The author finds it particularly problematic that cultural identity is commonly conceived as a fixed and exclusive entity with an inherently positive moral imperative. An alternative, dynamic view is thus presented emphasizing continuing development beyond the perimeters of one's ascribed or primary cultural identity. In this approach, the concept of "intercultural identity" is employed as an extension of, and a counterpoint to, cultural identity. Grounded in an open systems perspective, the identity development beyond one's primary culture is explained in terms of the internal stress-adaptation growth dynamic, a psychological response to the challenges of interfacing with differing cultural identities. Such intercultural challenges are described as the very force that "pushes" an individual in the direction of greater intercultural learning, perceptual refinement, and a self-other orientation that is at once individuated and universalized.
The space in which we live can be a very important determinant of cultural practices which shape our personal identities.
How has your life been influenced by those around you? Have you got a good sense of your urban or rural spatial environment? How has this shaped your identity as an individual? These are some of the questions that we need to answer to understand the space in which we live in. So in order to understand our own identity we need to think spatially.
“Really, thinking spatially means looking beyond ourselves, a recognition of others” states Doreen Massey. Space is outward bound. Identity is inward bound. It is this connection between the outward shaping the inward that is crucial in determining our own spatial identity. (...)
Spatial identity is not stagnant. As humans are moving beings, we can migrate or travel to different spaces which in turn also shape a part of our identity. For instance, I’ve lived in two different countries and traveled extensively to other parts of the globe, so my identity is somewhat cross-cultural. As space changes, so can personal identities. Personal identity can also be a choice with the place people identify most with, as opposed to those that had minimal effects on their life.
IN his early life, before he left the violent projects of Strasbourg, before he was acclaimed as a rapper and a poet, Abd Al Malik was a confusion of identities — “schizophrenic,” he says. A Catholic altar boy turned Muslim proselyte, he was at once thug and scholar, dealing hashish and reading philosophy, picking pockets after Sunday Mass.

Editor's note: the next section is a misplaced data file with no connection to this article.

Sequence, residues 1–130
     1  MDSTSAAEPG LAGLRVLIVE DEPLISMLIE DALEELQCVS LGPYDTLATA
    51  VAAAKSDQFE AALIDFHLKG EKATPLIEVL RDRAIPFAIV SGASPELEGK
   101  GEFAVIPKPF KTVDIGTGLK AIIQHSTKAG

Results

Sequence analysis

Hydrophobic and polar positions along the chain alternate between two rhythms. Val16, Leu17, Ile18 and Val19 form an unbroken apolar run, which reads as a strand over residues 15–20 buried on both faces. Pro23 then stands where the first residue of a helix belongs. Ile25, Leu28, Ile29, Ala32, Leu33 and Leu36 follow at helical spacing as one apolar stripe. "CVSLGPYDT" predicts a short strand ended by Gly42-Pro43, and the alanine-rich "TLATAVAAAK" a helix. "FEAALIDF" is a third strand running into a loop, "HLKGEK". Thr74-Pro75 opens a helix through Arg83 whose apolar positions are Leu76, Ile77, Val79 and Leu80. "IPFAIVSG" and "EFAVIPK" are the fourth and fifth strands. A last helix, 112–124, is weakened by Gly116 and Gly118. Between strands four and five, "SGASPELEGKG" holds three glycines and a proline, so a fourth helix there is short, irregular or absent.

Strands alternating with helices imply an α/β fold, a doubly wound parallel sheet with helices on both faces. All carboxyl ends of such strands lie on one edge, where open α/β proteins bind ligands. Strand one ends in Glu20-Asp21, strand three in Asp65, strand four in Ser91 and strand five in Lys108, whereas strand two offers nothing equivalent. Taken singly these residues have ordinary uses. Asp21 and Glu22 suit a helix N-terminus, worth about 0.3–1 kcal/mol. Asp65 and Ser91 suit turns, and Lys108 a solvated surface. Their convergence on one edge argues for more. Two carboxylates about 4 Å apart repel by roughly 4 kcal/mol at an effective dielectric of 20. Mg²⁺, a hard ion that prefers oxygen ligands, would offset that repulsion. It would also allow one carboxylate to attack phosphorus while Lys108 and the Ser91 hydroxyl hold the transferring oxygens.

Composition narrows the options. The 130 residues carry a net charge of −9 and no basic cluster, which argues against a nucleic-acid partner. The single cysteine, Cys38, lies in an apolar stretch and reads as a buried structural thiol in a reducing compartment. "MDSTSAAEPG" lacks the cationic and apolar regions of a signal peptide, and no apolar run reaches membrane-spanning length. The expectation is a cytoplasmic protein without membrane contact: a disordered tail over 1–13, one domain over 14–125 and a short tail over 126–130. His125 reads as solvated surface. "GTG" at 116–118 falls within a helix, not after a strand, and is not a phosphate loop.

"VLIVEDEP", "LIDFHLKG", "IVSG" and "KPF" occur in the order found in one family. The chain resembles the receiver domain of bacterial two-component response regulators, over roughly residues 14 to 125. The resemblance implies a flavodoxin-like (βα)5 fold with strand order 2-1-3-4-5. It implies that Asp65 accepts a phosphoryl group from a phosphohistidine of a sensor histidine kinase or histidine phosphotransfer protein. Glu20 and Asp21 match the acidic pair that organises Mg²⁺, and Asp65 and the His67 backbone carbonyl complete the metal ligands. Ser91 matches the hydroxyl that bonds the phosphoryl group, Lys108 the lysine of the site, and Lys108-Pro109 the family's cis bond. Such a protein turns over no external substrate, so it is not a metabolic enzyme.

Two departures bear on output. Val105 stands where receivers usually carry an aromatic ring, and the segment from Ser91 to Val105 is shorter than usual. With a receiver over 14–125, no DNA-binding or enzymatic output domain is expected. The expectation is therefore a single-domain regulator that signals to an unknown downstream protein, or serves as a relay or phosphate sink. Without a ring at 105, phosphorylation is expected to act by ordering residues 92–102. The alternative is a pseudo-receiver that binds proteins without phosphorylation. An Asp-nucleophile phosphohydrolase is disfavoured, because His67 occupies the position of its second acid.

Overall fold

As a teenager, he lost friends to heroin, murder and suicide; rattled and angry, he sought explanations in “On the Shortness of Life,” by the Greek thinker Seneca. At 16, Mr. Malik says, he renounced crime, burned everything he had bought with “dirty money” and fell in with a rigid Muslim sect. Later he gravitated to Sufism, the mystical strain of Islam.
“There’s really a lag between how France sees itself and what France really is,” he said, speaking with the same precise syllables and crisp consonants that distinguish his music. “So long as we haven’t realized that diversity is part of French identity, at a certain point we’re telling ourselves that a Frenchman, after all, is a white man, Christian, who’s between 25 and 45. And everything that doesn’t fit that description is tossed aside.”
France is “not capable of recognizing, directly, her own children,” he said. “From my point of view, this is our country’s major problem.”
Earlier this month, our publisher released a report, “Don’t Call Them Post-Racial,” which surveyed attitudes about race in key systems in U.S. society among young adults 18-25. Dom Apollon’s research team conducted focus groups with dozens of young people in the Los Angeles area, and learned that their thoughts on race are far more nuanced than most polling and commentary has suggested. Theirs is the most diverse generation in U.S. history, but that doesn’t make them post-race. Rather, the young people in the focus groups made clear that they believed race still matters today.
Activists in the United States are watching closely as El Salvador works to address the root causes of gang violence.
In mid-June members of rival gangs Mara Salvatrucha, also known as MS-13, and Barrio 18 in El Salvador marked 100 days of an historic gang truce.
Rodriguez, the longtime writer, adds that restorative justice is about asking perpetrators and victims to restore what was taken away.
“You can’t restore lives or property damage, but you can restore trust,” Rodriguez says. “One of the ways you can do that is by getting gang members themselves to commit to community and to change. We’re not just talking about the least violent. It’s a very important concept. It has worked when we’ve done it in different parts of the US with people who were once some of the most violent. It works to restore trust within civil society and those that are on the margins of society. We want to get them back in. It’s another way to go, rather than just punishing people.”
This video, animated by Warren Lehrer with Brandon Campbell, features the words of Eugene Hütz–leader of the gypsy-punk-cabaret band Gogol Bordello—sharing his views on ‘globalization’ and putting forward an alternative vision of what he calls “multi-kontra culture.” This video with sound production and arrangement by Judith Sloan is the newest manifestation of Warren Lehrer and Judith Sloan’s multi-media project, Crossing the BLVD: strangers, neighbors, aliens in a new America, which documents and portrays new immigrants and refugees in the United States.